Like many other writers, I accepted the challenge to write a novel (or at least 50K words of one) during the month of November. This being my first time participating, I wasn’t sure what to expect. After 30 days of nearly continuous writing (I took 2 days off to work on the final edits of Who Is Evelyn Dae?) I finished with 50,182 words and a decent first draft of a new science fiction novel!
Now as most writers know, writing daily can be easy or excruciating depending on the circumstances going into the session. One of the most difficult parts of this challenge was the feeling that I couldn’t miss a day, even if I wasn’t particularly inspired to write anything. My initial goal was to get ahead early. That plan failed miserably! If you look at my NaNo graph, every time I pulled ahead, something would come up (remember those break days?) to thwart my advance.
Yet, somehow I managed to “win” by getting all my words. How did I accomplish this feat? Well, I had a great support system of writing buddies to cheer me on and keep me going. Often we would meet on twitter and complete “writing sprints” together by writing for a set amount of time and then tweet our word count for the duration. (I know there were WSS sanctioned events, too, but unfortunately the times didn’t work with my schedule.) I also had my own motivation in the form of a sticker chart (yes, stickers!) where I would earn a small sticker for every 250 words and a big sticker when I hit my daily goal of 1750 words. There were so many days I would have quit if it weren’t for that big sticker reward.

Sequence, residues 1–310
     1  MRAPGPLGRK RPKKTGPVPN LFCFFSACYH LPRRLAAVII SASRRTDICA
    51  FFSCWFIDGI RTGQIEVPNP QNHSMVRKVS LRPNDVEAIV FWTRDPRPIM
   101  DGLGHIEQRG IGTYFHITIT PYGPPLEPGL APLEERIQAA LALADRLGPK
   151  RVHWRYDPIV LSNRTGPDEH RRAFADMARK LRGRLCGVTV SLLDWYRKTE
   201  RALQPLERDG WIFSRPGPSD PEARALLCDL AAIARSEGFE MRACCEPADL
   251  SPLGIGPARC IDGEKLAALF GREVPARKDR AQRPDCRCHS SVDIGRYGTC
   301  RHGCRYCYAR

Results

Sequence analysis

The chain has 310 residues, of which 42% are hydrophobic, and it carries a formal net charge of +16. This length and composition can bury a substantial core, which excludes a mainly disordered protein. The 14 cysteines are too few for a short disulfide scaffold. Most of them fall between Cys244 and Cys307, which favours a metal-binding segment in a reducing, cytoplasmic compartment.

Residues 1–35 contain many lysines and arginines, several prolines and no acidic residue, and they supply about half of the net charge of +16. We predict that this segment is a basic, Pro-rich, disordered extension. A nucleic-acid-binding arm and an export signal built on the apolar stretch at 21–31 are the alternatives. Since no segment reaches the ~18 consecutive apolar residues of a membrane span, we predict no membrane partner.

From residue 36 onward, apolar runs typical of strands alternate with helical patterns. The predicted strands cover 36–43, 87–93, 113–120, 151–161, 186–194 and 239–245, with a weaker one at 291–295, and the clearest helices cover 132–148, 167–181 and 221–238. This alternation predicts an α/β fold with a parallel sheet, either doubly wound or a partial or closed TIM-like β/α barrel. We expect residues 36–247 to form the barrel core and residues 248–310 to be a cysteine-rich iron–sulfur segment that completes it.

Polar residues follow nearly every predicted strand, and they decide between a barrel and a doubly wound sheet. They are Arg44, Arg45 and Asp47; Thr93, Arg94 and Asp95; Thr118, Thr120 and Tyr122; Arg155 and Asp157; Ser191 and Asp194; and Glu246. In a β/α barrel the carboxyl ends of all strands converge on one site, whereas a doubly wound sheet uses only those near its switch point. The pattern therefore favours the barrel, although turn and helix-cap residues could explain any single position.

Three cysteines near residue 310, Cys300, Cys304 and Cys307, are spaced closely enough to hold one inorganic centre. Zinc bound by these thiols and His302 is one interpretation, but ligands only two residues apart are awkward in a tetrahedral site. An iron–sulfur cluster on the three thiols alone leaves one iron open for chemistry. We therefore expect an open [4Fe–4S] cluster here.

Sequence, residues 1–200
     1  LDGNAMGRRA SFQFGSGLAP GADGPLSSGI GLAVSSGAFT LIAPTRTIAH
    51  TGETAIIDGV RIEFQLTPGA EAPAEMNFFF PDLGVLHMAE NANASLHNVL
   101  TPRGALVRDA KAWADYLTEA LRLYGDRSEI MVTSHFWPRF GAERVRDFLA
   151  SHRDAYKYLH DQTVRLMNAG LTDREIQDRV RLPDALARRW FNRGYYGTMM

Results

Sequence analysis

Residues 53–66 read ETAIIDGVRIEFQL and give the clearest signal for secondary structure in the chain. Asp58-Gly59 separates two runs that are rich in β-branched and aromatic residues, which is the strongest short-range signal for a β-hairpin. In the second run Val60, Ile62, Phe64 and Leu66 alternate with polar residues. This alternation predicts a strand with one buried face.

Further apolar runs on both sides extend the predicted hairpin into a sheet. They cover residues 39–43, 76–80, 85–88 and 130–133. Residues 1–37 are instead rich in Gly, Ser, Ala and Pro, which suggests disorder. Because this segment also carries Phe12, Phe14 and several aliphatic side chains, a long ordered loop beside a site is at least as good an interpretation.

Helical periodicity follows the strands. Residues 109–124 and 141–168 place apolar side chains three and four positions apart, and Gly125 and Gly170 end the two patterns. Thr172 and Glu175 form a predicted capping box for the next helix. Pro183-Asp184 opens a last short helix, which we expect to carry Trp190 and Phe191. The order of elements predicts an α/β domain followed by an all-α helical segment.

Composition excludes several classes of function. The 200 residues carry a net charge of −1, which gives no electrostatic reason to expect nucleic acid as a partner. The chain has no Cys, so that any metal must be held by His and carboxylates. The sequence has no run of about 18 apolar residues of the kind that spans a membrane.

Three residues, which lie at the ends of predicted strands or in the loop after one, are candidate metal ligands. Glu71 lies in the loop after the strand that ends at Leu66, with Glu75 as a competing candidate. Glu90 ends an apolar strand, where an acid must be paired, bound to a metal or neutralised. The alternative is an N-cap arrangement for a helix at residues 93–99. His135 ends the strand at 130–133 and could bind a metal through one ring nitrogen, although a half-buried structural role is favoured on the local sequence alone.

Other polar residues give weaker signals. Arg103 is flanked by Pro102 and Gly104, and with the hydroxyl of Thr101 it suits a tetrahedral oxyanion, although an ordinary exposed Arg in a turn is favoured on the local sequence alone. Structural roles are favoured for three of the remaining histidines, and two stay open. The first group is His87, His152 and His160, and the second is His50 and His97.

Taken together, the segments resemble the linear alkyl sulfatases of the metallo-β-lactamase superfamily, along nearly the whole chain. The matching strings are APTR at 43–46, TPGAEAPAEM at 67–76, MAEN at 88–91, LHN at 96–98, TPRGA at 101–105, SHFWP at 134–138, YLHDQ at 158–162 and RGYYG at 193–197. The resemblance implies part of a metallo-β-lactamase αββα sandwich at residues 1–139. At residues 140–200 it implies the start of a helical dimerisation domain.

So, what did I learn from this experience? For one thing, I am a very consistent writer. Whatever word count I achieve in the first thirty minutes of writing typically stays the same for the duration of the session. I have always been a fly-by-the-seat-of-my-pants author, but I outlined extensively (meaning I spent an entire hour placing chapter markers and notes for all 30 days) and that helped get me through the dead zones of the book. I am incapable of writing without editing, and although it cost me on my daily count, I’m hoping it will also mean when I revisit the story in a few months, I’ll still like it.
Finally, all this begs the question; will I participate again next year? Well, in the interest of preserving my marriage, my official answer right now is maybe. However, I predict that by the time next November first rolls around, my fingers will once again be poised over the keyboard ready to type with reckless abandon for another 30 days…